The BPA is our political trajectory for peace, a joint memorandum if you like, created between the National Government and Bougainville leaders. That the BPA was agreed to with its signing witnessed by representatives of the international community and Pacific | Oceania regional leaders is a testament by all parties for an unerring desire to see sustainable peace in Bougainville.

If you are looking for impact and performance indicators where peace is at and how we have faired since the signing of the BPA since end of August 2001, one of the best places to look is the last place we often go looking, that is to our heart and within our heart.

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By anyone’s measure or comparison I am prepared to be shot down in saying that the peace process and progress in Bougainville has been exponential. This has required and involved the efforts and commitment of many people and many organizations. But most of all it has required the willingness, cooperation and commitment on Bougainville, of Bougainvilleans to sustain it thus far.

Thank you Buka Town Manager for your support.

Thank you to the ABG Ministers who walked with everyone from start to finish.

Thank you BWF and the many women who braved and enjoyed the walk for a good cause that is universal and very relevant to Bougainville; special thanks to the students from Kamarau International School who were the peace banner bearers on the walk all the way; grateful thanks to members of the civil society whose hearts’ desire always responds readily to occasions like this; thank you to UNDP and other agencies of the UN family for your unequivocal support for peace for a better Bougainville. The mobile support ahead provided by the Bougainville police is appreciated, thank you.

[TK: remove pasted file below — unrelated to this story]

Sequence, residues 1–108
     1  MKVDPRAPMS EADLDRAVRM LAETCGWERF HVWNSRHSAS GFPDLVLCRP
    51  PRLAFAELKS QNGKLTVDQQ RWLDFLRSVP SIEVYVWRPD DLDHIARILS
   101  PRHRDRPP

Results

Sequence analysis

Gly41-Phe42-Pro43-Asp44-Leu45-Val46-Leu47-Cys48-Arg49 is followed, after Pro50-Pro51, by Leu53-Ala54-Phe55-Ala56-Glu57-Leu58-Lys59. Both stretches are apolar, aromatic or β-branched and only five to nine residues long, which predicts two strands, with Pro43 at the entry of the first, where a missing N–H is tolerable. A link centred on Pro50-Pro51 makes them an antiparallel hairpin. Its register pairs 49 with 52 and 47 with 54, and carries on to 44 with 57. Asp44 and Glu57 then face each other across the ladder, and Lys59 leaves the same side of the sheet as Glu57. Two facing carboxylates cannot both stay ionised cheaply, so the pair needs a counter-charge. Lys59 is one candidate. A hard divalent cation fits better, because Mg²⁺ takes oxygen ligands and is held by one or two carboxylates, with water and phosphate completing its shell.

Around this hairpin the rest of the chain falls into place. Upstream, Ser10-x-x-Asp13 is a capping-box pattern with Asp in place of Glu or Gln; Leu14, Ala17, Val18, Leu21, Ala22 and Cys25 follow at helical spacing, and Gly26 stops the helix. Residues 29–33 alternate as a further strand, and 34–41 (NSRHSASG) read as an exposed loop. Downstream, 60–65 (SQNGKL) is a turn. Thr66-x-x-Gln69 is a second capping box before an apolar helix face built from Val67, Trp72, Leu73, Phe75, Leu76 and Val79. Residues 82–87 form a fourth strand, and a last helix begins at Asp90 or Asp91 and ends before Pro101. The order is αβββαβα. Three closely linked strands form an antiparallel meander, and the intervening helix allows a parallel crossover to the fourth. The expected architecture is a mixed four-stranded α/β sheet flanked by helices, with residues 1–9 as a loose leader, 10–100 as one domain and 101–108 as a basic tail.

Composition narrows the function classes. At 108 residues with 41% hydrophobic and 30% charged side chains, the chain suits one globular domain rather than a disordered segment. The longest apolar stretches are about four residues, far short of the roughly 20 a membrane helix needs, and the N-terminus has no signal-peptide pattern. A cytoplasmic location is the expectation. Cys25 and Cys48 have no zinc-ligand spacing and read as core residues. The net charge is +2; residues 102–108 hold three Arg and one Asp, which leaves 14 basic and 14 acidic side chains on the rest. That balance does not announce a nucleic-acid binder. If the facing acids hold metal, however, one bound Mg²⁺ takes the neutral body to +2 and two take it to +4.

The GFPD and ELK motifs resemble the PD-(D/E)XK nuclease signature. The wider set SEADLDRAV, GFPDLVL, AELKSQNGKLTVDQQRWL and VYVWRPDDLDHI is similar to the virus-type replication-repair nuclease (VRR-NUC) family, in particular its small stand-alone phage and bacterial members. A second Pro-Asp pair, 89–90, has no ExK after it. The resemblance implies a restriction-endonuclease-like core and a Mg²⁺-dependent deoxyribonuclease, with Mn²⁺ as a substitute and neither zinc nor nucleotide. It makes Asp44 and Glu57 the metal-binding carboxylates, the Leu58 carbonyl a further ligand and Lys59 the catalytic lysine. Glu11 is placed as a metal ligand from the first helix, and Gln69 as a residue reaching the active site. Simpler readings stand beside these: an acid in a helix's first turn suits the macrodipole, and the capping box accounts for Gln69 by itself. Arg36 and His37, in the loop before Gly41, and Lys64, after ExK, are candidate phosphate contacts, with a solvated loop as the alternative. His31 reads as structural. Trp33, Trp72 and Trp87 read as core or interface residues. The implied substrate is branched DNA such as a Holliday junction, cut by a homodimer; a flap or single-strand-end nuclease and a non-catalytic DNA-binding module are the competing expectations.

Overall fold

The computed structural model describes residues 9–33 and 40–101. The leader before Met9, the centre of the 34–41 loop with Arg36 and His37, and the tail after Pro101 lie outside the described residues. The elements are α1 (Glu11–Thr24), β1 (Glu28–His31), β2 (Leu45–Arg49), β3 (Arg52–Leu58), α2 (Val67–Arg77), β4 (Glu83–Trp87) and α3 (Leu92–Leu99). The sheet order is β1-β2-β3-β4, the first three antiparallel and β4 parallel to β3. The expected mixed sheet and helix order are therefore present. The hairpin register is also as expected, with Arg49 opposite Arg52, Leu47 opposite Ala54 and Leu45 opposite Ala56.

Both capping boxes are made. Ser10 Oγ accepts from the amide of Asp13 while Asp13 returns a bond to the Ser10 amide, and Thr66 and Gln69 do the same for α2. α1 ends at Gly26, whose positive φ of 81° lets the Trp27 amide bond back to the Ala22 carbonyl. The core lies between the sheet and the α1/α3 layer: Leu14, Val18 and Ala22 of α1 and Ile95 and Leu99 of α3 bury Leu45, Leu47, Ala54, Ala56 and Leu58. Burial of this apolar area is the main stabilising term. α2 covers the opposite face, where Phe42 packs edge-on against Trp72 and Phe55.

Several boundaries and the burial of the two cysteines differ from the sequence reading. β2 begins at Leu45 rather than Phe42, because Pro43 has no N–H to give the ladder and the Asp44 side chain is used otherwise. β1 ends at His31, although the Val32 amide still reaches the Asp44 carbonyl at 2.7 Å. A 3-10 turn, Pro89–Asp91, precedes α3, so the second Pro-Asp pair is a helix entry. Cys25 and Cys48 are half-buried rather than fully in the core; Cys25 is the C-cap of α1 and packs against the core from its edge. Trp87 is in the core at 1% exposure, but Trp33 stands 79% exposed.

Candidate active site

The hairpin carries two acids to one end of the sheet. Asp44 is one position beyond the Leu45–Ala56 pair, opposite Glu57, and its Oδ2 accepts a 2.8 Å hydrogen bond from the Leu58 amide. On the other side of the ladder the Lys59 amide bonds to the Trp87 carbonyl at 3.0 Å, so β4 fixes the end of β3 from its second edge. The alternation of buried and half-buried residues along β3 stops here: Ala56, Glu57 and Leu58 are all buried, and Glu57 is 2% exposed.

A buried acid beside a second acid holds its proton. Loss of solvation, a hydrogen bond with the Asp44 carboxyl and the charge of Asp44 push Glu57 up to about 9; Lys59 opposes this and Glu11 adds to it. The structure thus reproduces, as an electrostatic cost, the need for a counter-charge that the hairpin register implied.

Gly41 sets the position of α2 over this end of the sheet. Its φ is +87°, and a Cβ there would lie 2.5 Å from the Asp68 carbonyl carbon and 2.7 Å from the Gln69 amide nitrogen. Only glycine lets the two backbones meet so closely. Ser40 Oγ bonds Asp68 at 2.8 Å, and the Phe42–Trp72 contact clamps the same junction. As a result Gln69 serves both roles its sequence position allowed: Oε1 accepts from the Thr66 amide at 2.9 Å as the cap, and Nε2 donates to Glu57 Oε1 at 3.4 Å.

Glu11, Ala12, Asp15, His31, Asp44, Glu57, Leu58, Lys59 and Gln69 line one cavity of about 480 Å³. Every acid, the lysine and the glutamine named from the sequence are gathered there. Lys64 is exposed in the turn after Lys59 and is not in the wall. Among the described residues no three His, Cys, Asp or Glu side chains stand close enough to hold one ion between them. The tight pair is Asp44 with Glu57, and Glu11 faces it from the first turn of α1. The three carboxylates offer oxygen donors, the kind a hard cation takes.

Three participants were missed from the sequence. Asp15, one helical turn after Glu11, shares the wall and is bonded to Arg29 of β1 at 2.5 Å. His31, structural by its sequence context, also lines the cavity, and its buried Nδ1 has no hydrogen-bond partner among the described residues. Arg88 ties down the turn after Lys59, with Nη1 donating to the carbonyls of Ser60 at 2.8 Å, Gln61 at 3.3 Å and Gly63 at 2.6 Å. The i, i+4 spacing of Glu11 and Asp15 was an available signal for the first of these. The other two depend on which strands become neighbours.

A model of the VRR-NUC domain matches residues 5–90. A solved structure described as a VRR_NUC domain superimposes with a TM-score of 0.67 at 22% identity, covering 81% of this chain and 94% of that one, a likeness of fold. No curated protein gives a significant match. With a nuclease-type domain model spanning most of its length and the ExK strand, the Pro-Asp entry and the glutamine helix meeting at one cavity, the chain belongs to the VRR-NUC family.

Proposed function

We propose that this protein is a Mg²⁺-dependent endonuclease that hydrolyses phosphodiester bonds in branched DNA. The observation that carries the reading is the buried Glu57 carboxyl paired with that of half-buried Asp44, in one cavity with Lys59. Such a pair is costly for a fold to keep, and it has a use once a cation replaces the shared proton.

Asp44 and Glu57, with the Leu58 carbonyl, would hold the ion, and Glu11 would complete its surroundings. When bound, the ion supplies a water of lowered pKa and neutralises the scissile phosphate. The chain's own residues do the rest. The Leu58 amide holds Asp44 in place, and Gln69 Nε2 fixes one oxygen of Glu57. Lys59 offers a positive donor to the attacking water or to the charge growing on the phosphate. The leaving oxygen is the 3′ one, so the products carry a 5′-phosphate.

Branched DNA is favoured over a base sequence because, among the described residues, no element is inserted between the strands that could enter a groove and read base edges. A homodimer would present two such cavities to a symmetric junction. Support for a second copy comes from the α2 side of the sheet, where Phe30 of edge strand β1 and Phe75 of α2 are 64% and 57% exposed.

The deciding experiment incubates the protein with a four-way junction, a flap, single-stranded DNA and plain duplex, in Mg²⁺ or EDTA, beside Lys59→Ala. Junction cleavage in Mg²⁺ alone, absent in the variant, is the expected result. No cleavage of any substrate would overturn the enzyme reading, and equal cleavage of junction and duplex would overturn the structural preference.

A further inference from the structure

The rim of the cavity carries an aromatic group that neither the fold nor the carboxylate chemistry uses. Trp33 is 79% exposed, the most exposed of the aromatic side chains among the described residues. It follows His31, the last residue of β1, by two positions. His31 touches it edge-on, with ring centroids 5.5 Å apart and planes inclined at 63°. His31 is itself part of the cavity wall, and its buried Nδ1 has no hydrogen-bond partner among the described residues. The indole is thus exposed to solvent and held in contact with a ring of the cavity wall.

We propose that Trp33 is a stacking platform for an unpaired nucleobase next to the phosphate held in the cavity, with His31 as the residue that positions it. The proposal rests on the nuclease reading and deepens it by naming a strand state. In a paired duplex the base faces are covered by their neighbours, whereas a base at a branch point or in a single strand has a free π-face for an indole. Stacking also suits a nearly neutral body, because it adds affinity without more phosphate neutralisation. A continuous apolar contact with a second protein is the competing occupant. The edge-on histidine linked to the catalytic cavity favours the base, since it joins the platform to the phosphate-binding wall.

Thank you to the person in the wheelchair who willed and supported this day and wheeled all the way from start to finish. You were not just another person in the Walk. You made a big, special effort. We applaud and thank you.

Thank you Chief Secretary and our senior and rank and file public servants and officials; thank you any political staff that came along.

Thank you to everyone else that took part. Let us keep doing it. You can never have enough, or make enough, peace. Anything worth doing is worth overdoing.

The onus is on us.

Let us keep Walking !

 

Bougainville Referendum News : Calls for PNG to lift its game over Bougainville

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 “A former Papua New Guinea cabinet minister says Port Moresby has to do more to help prepare Bougainville for its referendum on independence.

The autonomous region is set to hold a vote in June of 2019.

A former MP for Central Bougainville and the first Minister of Bougainville Affairs, Sam Akoitai, said the National Government must do everything possible to ensure Bougainvilleans have full faith in the Autonomous Bougainville Government (ABG) ahead of the vote, which is the final stage of the Peace Agreement.”

Mr Akoitai has prepared a statement for the National Parliament’s Bi-Partisan Committee, which met last week on Bougainville, and hopes the MPs will get a better idea of the issues facing Bougainville ahead of the vote.

He told Don Wiseman from RNZ about his chief concerns.

 

Arawa, Bougainville Photo: RNZI

Bougainville Referendum News : A record of the issues and concerns of the Wakunai community

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STATEMENT BY MR. SAM AKOITAI, MADE ON BEHALF OF THE CHIEFS AND COE CHAIRMEN OF WAKUNAI ON THE OCCASION OF THE PUBLIC MEETING WITH THE BI-PARTISAN COMMITTEE OF THE NATIONAL PARLIAMENT ON THE BOUGAINVILLE REFERENDUM HELD AT WAKUNAI DISTRICT OFFICE October 14

This statement has been prepared after the meeting at the request of the National Parliament Bipartisan Committee to provide a record of the issues and concerns of the Wakunai community leaders, both male and female, expressed at the meeting by Mr. Akoitai and by other leaders of the Wakunai Community.

 

ORIGINS OF THE BOUGAINVILLE CONFLICT

The Bougainville Crisis began because of concerns of Bougainvilleans about environmental damage of the Panguna Copper Mine without fair compensation for Bougainville under the mining agreement made between the Australian Colonial Administration and Conzinc Riotinto Australia (CRA) without any voice for the Panguna and other impacted landowners, or for other Bougainvilleans. There is clear evidence of the impacts and the unhappiness of the people in films, newspapers and documents from the time.